Underdog has high hopes to be sheriff Hardly known Gillen spending little money, avoiding party leaders

October 13, 1998|By Andrea F. Siegel | Andrea F. Siegel,SUN STAFF

He has raised no money to speak of, wooed hardly anyone in his own party or outside it and is accused of using excessive force on the job, but Mark T. Gillen still hopes to oust incumbent Anne Arundel County Sheriff George F. Johnson IV.

Johnson, 45, much loved by the local Democratic leadership, has spent more than $73,000 on this campaign, buying cable television spots and printing snazzy brochures. Gillen, 36, newly Republican, filed an affidavit promising to raise less than $1,000, so little that if his signs keep disappearing, he won't have money for new ones.

Johnson's reputation for not skipping an event -- its relevance to his office notwithstanding -- is legendary. "We joke that when we go to ribbon-cuttings, it's not official until George Johnson arrives," said County Executive John G. Gary.

By contrast, local Republican leaders don't know who Gillen is and wonder why he hasn't called on them. He concedes that his door-knocking campaign doesn't reach anywhere near the number of voters he would like it to.

Gillen is one of two Baltimore sheriff's deputies who have been accused by an Upper Fells Point woman of ransacking her home and hurting her and her son while attempting to arrest another son. Gillen has been charged with assault and intent to injure, misdemeanors.

The case is scheduled for trial Nov. 17, said Deputy State's Attorney Haven H. Kodeck.

Gillen, a deputy in the city since 1991 and senior deputy in one of the units, said he expects the charges to be dropped. Johnson is shying away from the issue because, he says, "I have focused on me."

Gillen was an Anne Arundel deputy from 1985 through 1989. He and another deputy lost a federal suit they filed over losing their jobs.

Gillen had accused Bill Huggins, then the sheriff, of retaliating against him because Gillen planned to challenge Huggins for his job. Gillen lost his job and the 1990 Democratic primary. He has a malpractice claim pending in Anne Arundel County Circuit Court against an attorney in connection with his job loss.

Johnson's political path was eased by his father, a former chairman of the Democratic State Central Committee, county recreation and parks supervisor and unsuccessful County Council candidate. Huggins, considering a comeback bid, deferred to Johnson.

"My father opened a lot of doors for me. He made it possible for me to meet and greet a lot of people," Johnson said.

That kind of political network shuts out good potential candidates, Gillen said. He switched his party affiliation from Democrat this year so that he could run and because he felt closer to the GOP's smaller-government philosophy.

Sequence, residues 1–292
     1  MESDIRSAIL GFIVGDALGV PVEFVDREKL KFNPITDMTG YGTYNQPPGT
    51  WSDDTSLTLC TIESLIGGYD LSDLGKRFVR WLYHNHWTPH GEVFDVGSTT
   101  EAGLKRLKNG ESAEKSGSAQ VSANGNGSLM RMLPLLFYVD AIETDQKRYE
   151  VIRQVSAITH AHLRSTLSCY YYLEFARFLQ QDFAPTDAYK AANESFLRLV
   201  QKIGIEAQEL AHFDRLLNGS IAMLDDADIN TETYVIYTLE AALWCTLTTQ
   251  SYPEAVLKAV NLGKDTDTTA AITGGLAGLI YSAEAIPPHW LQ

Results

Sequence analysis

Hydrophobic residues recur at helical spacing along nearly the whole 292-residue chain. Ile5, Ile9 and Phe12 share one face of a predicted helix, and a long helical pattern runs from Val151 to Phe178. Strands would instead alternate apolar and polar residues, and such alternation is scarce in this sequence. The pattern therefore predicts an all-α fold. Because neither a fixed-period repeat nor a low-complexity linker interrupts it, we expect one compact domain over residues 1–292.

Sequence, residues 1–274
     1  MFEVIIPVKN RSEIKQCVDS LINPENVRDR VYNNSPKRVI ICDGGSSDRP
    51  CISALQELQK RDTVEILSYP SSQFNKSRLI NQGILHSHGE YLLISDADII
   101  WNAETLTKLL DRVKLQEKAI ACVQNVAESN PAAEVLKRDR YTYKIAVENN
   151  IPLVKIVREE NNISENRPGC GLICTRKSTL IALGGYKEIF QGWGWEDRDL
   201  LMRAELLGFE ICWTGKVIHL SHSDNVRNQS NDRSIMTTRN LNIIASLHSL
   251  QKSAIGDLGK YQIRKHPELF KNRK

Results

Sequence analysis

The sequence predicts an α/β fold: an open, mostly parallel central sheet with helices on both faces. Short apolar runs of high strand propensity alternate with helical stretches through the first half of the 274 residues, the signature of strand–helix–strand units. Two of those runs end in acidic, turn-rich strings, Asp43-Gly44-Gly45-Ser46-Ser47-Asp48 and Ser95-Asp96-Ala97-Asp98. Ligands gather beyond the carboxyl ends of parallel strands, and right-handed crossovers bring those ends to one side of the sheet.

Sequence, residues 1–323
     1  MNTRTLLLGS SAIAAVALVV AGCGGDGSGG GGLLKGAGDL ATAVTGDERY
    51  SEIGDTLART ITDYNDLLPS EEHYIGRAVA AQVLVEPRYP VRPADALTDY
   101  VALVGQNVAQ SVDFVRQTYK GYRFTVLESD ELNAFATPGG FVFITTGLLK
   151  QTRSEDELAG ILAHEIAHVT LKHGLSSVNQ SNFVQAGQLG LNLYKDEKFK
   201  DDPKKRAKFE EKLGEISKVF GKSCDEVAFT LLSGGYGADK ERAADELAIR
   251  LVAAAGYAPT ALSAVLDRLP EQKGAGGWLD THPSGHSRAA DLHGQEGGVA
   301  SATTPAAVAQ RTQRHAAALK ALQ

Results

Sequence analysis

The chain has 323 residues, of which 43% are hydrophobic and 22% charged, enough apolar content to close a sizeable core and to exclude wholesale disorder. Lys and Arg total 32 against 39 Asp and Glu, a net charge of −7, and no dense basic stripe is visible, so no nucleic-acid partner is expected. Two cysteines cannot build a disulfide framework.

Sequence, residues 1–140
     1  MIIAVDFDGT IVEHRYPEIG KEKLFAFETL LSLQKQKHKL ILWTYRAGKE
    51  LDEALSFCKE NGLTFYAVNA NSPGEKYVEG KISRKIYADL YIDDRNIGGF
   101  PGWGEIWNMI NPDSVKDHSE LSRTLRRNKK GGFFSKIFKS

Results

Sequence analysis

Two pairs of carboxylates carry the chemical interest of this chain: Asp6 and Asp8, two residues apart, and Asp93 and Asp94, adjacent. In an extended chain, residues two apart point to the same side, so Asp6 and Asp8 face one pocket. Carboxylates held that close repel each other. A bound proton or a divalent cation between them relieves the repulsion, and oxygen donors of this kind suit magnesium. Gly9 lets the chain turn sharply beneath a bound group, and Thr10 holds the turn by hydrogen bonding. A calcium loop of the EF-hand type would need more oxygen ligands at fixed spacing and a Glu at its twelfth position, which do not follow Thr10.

Gillen is hoping that two strong GOP candidates -- gubernatorial hopeful Ellen R. Sauerbrey and Gary -- combined with disaffected Democrats will give him a boost. He pointed to Johnson's primary tally against his father, Thomas Gillen.

"My father managed to pull 25 percent of the vote from four-year incumbent in a Democratic county," he said. "It's a bad sign for him. It shows he is soft."

Johnson's name recognition, according to his poll, is about 35 percent, but he is buoyed by the fact that less than 1 percent of those who recognized him gave him a negative rating. And Democrats say he will be tough to beat.

Gillen won the endorsement of the Severna Park Republican Women, the only one of 13 GOP clubs in the county he approached, but he generally feels no need to hop from one political event to the next, an attitude resented by party workers and Republicans who worked harder to attain their posts. Even Gary, who heads the local part of the Republican ticket, has no idea who Gillen is.

"It's the same people at all these fund-raisers," Gillen said. "I stuck to the basic grass roots signs and handing out literature."

Gillen has knocked on doors in GOP strongholds, and his name will appear on the party's ballot guide, but he has bothered so little with the county's GOP organization that some influential Republicans are endorsing his opponent.

"The incumbent sheriff, I have to be honest to say, has done a fine job," said Helen Fister, the Republican Central Committee -- chief. "I haven't even seen a piece of literature from this Mr. Gillen candidate."

Incumbent court clerk Robert Duckworth, a dyed-in-the-wool Republican who wears elephant ties, lavished praise on Johnson.

"In the case of Sheriff Johnson, he has done a remarkable job regarding his providing courthouse security and his administration of the sheriff's office," Duckworth said. "I think George Johnson is far more qualified than his opponent for the position."

Johnson, campaigning on his record, is telling voters he has "changed just about everything in the office except for the uniforms we wear." There are new computers, upgraded radios and a new child-support unit, and the cars are no more than 3 years old.

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